Self-motion perception without sensory motion
Various studies have demonstrated a role for cognition on self-motion perception. Those studies all concerned modulations of the perception of a physical or visual motion stimulus. In our study, however, we investigated whether cognitive cues could elicit a percept of oscillatory self-motion in the absence of sensory motion. If so, we could use this percept to investigate if the resulting mismatch between estimated self-motion and a lack of corresponding sensory signals is motion sickening. To that end, we seated blindfolded participants on a swing that remained motionless during two conditions, apart from a deliberate perturbation at the start of each condition. The conditions only differed regarding instructions, a secondary task and a demonstration, which suggested either a quick halt (“Distraction”) or continuing oscillations of the swing (“Focus”). Participants reported that the swing oscillated with larger peak-to-peak displacements and for a longer period of time in the Focus condition. That increase was not reflected in the reported motion sickness scores, which did not differ between the two conditions. As the reported motion was rather small, the lack of an effect on the motion sickness response can be explained by assuming a subthreshold neural conflict. Our results support the existence of internal models relevant to sensorimotor processing and the potential of cognitive (behavioral) therapies to alleviate undesirable perceptual issues to some extent. We conclude that oscillatory self-motion can be perceived in the absence of related sensory stimulation, which advocates for the acknowledgement of cognitive cues in studies on self-motion perception. © 2022, The Author(s).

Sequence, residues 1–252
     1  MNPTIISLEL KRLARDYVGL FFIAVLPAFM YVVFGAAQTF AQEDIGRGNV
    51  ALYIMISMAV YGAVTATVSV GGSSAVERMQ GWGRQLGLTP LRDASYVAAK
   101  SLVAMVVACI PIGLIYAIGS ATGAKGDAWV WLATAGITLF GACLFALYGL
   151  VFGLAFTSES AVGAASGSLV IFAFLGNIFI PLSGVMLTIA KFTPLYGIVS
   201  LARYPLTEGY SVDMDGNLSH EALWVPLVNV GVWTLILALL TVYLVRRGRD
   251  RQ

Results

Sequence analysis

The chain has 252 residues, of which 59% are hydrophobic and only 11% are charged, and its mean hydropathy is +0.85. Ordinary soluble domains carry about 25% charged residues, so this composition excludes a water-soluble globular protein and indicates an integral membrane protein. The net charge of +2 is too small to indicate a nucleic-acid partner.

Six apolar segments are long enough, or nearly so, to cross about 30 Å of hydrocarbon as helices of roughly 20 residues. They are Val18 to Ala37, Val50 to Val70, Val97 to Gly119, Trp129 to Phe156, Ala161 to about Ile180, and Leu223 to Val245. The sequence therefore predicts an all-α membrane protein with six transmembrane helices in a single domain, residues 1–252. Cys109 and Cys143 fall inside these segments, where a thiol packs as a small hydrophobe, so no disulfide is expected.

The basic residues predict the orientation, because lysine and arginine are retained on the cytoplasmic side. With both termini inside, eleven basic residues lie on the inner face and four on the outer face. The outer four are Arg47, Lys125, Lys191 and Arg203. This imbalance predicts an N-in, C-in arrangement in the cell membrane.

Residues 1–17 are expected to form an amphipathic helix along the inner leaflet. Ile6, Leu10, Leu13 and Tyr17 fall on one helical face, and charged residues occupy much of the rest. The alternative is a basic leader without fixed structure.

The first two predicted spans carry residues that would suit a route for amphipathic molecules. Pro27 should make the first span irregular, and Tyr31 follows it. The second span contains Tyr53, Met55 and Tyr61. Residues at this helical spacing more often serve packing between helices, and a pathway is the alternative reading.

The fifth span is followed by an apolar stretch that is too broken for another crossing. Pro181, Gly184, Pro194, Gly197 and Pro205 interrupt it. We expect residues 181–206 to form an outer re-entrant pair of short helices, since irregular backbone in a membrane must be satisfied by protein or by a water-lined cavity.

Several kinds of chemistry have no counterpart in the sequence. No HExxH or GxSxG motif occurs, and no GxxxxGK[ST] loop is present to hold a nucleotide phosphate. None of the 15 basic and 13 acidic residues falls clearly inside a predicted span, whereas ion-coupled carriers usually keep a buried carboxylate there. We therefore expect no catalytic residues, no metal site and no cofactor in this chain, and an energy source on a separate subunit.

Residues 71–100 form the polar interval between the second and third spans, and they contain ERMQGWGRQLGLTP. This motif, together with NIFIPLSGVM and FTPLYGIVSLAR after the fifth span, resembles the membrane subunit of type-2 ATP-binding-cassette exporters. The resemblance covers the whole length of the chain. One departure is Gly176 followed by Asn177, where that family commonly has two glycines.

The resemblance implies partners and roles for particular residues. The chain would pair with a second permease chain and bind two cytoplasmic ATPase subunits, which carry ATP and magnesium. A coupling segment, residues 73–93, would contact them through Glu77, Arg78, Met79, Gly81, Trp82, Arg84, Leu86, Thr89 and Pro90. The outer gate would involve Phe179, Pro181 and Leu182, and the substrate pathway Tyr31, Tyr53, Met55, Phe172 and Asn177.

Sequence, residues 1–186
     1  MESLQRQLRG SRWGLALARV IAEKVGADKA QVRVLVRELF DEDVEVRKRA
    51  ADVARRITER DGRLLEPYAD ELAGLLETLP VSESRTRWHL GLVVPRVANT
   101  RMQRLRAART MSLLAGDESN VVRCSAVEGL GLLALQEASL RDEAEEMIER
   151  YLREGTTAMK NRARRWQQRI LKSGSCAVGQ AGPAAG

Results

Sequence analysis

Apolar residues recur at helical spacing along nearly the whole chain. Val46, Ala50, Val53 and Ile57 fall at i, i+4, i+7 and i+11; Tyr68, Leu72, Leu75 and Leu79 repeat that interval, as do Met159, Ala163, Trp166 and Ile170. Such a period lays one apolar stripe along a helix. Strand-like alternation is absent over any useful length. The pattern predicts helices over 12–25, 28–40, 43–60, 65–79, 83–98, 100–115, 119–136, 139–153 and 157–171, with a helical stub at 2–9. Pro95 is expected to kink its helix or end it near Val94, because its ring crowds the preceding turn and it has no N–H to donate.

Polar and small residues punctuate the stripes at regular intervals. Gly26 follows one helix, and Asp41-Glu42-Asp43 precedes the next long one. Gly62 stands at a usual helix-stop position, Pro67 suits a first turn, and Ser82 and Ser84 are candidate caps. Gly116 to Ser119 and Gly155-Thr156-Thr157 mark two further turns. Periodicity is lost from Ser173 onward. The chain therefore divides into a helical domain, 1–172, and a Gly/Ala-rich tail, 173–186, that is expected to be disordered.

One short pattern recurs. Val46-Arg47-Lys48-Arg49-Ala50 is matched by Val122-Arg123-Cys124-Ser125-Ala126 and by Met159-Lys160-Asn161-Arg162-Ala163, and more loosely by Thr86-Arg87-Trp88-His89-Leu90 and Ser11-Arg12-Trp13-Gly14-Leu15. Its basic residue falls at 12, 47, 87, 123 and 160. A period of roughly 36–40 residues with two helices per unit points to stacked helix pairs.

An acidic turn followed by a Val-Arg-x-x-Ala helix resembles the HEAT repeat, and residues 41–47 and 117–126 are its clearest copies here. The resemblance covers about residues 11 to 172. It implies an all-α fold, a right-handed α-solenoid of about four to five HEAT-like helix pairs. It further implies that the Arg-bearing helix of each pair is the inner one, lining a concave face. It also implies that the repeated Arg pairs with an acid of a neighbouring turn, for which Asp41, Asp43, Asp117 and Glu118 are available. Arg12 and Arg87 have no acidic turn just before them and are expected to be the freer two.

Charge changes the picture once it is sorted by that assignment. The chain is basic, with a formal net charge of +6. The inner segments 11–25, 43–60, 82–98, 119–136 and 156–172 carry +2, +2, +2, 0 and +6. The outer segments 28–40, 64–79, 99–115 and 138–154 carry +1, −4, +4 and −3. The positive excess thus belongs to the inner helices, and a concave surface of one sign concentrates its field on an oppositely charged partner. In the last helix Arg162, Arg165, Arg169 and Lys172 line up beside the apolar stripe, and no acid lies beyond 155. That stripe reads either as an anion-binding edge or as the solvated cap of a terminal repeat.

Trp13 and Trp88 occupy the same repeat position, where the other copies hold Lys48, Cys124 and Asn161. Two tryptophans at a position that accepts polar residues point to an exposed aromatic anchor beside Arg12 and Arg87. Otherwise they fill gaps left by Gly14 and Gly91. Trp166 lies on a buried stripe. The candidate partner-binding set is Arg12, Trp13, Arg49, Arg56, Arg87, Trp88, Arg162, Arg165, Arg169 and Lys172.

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Experimental Brain Research, 240 (240), 2677-2685